Slate-throated whitestart Myioborus miniatus, copyright Félix Uribe.

Belongs within: Emberizoidea.
Contains: Geothlypis, Setophaga, Basileuterus.

The Parulidae: not-warblers, not-ovenbirds and not-redstarts
Published 4 March 2013

There is no denying the current status of English as the de facto lingua franca of the world*. And yet, I feel that a complaint must be laid at the feet of the Brits: they’re a bit unimaginative when it comes to animal names. Many a British explorer, upon being presented with some hitherto unfamiliar product of the natural world, proceeded to label it with the name of whatever inhabitant of his native Europe he felt bore some vague resemblance. And hence, even today, there are significant groups of animals such as the Parulidae that are almost without a vernacular name to genuinely call their own.

*The potential irony of this sentence is not lost on me.

Black-crested warbler Myiothlypis nigrocristata, photographed by Mikko Pyhälä

The Parulidae are a family of birds found throughout the Americas, though in the northern United States and Canada they are represented by migratory species that retreat further south in the cold months. Many of the migratory species have males with brightly coloured breeding plumage and are consequently idolised by North American bird watchers; non-migratory species, on the other hand, tend to have similarly subdued males and females (Update: see comments below). Members of the Parulidae are generally referred to as ‘warblers’ or ‘wood warblers’, despite not being at all closely related to the European warblers. Instead, parulids are members of the ‘nine-primaried oscines’, the passerine clade that also includes such birds as finches, buntings, sparrows, cardinals and tanagers. Within the nine-primaried oscines, parulids are closely related to the Icteridae, another American clade containing its fair share of representatives doomed to masquerade under stolen names (Barker et al. 2013).

Ovenbird Seiurus aurocapilla on its nest, photographed by M. C. Donald.

Though the nine-primaried oscines as a whole are fairly stable in their membership, recent years have seen a fair bit of shuffling back and forth between the clade’s constituent families. As a result of this shuffling, the name ‘Parulidae’ has come to be associated with a core clade that excludes a number of more uncertainly placed taxa previously included in the family, such as the Central American wrenthrush Zeledonia coronata. A recent comprehensive study of the molecular phylogeny of the core parulids by Lovette et al. (2010) also resulted in a proposed shifting of many generic boundaries within the clade. According to Lovette et al., the basalmost member of the Parulidae is the ovenbird Seiurus aurocapilla, a migratory but monomorphic, relatively large parulid of North and Central America. Just to confuse matters, the name ‘ovenbird’ has also been used for an unrelated group of South American birds of the genus Furnarius. To be charitable, this is not a case of inappropriate name-saking, but refers to the construction by both groups of domed nests resembling an old earthernware oven. The next member of the parulids to split off was the worm-eating warbler Helmitheros vermivorus, a relatively long-billed species that migrates between the eastern United States and Central America.

Swainson’s warbler Limnothlypis swainsonii, photographed by Greg Lavaty.

Next comes a clade of eight species classified in the genera Parkesia, Vermivora, Mniotilta, Limnothlypis and Protonotaria. The black-and-white warbler Mniotilta varia is noted for its distinctive feeding behaviour: it crawls along branches like a nuthatch or creeper, gleaning insects from the bark. The prothonotary warbler Protonotaria citrea is a bright yellow species that Kurt Vonnegut devoted some time to in Jailbird: “The song of a prothonotary warbler is notoriously monotonous, as I am the first to admit…Still—they are capable of expressing heartbreak—within strict limits, of course” (I personally feel the same about skylarks). The waterthrushes of the genus Parkesia are larger, terrestrially-feeding species.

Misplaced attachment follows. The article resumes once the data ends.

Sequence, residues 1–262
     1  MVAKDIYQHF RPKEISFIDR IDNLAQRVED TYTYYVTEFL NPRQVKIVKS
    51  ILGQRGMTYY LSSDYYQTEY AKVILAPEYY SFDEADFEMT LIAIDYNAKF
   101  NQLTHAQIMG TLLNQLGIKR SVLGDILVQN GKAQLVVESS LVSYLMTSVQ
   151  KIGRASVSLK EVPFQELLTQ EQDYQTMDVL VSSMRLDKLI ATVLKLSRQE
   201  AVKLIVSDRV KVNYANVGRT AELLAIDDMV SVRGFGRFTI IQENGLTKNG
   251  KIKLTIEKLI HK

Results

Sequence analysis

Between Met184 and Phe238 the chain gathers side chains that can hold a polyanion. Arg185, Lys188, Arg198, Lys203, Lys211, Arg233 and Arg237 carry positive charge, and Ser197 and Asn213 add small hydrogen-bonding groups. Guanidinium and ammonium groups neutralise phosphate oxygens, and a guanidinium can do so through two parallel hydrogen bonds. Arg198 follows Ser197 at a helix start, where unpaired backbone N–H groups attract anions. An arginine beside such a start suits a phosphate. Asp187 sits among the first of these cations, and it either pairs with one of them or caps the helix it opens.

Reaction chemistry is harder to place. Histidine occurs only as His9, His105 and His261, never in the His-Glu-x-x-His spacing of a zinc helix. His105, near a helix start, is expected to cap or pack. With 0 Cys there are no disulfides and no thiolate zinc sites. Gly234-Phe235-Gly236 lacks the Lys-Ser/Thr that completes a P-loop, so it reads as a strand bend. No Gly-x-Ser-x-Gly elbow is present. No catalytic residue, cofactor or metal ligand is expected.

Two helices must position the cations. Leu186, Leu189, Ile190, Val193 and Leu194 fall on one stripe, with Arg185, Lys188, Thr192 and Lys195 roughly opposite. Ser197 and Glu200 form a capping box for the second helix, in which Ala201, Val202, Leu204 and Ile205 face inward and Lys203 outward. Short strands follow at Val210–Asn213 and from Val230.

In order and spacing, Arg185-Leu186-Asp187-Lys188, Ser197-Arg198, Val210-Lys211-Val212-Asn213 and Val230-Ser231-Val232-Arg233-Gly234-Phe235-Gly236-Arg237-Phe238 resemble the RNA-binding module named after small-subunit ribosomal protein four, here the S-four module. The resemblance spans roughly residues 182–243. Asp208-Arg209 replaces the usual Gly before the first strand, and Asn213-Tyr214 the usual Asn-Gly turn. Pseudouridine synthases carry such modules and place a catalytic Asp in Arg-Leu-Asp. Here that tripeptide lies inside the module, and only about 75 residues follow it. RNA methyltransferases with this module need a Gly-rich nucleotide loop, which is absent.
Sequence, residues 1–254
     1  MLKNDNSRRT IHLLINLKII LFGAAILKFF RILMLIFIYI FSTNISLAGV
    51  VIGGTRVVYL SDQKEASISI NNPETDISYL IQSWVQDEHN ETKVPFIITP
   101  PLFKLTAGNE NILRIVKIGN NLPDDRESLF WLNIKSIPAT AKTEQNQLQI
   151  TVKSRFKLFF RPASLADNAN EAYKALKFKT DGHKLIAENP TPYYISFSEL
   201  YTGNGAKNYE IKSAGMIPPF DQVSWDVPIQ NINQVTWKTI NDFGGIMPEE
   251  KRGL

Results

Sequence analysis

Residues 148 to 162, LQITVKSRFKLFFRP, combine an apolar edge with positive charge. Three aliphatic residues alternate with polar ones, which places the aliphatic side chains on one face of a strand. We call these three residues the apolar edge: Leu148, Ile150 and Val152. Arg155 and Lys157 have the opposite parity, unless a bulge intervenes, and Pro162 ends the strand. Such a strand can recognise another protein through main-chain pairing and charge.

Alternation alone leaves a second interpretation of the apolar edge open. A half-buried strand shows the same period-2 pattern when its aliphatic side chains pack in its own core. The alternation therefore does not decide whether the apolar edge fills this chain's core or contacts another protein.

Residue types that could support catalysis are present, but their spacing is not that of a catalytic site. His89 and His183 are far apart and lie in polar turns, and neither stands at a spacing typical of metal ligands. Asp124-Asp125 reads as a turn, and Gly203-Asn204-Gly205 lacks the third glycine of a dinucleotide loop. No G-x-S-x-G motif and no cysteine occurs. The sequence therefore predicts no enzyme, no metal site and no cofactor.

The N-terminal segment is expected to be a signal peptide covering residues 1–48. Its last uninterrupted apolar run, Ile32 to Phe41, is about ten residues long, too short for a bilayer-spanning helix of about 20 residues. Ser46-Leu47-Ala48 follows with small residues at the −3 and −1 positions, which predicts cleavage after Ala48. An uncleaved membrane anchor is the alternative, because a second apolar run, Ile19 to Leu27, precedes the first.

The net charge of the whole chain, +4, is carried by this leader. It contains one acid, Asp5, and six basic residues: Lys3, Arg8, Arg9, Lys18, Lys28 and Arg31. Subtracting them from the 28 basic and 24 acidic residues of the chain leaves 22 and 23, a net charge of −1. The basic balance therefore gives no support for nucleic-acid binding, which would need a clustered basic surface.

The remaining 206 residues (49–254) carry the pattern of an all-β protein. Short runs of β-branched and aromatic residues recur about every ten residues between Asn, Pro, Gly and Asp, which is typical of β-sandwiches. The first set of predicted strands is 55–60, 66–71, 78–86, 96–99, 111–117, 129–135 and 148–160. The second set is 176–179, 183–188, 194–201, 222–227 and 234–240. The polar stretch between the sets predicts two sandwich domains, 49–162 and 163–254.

Chestnut-sided warbler Setophaga pensylvanica, photographed by Cephas.

Other North American species are placed by Lovette et al. in the larger genera Geothlypis, Oreothlypis and Setophaga. The last genus contains the species previously included in Dendroica, but the recognition that the American redstart Setophaga ruticilla (again, no relation to the European redstart) is nested within Dendroica leads to the use of the older name. These genera include some of the most colorful parulids. The remaining genera Myiothlypis, Basileuterus, Cardellina and Myioborus form a mostly Neotropical clade. Myioborus species are also known as redstarts, presumably by comparison with the European birds as not one of them actually possesses a red tail. The name ‘whitestart’ has supposedly been proposed instead, but the only time that name appears to see use is when it is referred to by someone explaining why they are not using it…

Products of kinky inter-species sex
Published 18 June 2007

Um, maybe I don’t want to know what sort of Google search will hit that post title, or who’s doing the searching. I can assure you, the following post is both PG and work-safe.

I came across this post today on identifying a hybrid passerine bird. The bird in question is an entirely different individual from the one discussed here, which was also revealed not too long ago. (Offhand, the site linked to via the latter, Don Roberson’s Creagrus, is well worth a look for anybody interested in birds.)

Both of these birds belong to the family Parulidae, the so-called American ‘warblers’—an entirely distinct and unrelated family from the various ‘warblers’ of the Old World (previously Sylviidae, but see here—Don Roberson again—for a good summary of the collapse of that family) and from the Australasian ‘warblers’ of the family Acanthizidae. Interestingly, Parulidae seems to have produced a large number of recorded hybrids over the years (enough that many have been awarded their own common names), and attention has been drawn to the fact that a greater number of recorded hybrids have been between members of different genera than members of the same genus (those that are members of the same genus have invariably been very closely-related species). The same pattern has been recorded in South American manakins (Pipridae) (Stotz 1993). Even if we admit the point that a ‘genus’ is simply a grouping defined by the author and has no objective reality, it still remains arguable that hybrids are always between very closely or distantly related species, never between fairly closely related species.*

*My apologies for the revoltingly turgid sentence.